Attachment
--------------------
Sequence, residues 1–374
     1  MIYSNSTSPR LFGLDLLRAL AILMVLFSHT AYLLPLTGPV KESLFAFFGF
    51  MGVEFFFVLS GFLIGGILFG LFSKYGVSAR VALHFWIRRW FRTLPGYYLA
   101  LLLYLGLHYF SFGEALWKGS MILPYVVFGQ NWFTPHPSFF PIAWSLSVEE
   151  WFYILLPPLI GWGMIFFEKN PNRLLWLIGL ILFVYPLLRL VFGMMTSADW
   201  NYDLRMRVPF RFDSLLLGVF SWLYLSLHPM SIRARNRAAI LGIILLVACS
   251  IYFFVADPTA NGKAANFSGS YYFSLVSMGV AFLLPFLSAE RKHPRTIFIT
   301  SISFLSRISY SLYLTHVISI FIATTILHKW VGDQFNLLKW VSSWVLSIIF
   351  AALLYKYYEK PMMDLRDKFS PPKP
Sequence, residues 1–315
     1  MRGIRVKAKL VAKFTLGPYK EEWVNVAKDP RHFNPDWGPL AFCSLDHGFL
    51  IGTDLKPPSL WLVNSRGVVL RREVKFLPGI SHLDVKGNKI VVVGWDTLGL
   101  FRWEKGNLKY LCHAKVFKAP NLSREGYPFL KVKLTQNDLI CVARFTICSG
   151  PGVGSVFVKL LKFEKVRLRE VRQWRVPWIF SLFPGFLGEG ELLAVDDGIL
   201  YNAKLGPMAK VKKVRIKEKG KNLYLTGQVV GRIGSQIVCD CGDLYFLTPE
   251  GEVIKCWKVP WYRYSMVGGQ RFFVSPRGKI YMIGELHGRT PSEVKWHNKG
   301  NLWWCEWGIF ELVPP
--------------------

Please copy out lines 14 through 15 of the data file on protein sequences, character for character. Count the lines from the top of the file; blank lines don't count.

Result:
   151  PGVGSVFVKL LKFEKVRLRE VRQWRVPWIF SLFPGFLGEG ELLAVDDGIL
   201  YNAKLGPMAK VKKVRIKEKG KNLYLTGQVV GRIGSQIVCD CGDLYFLTPE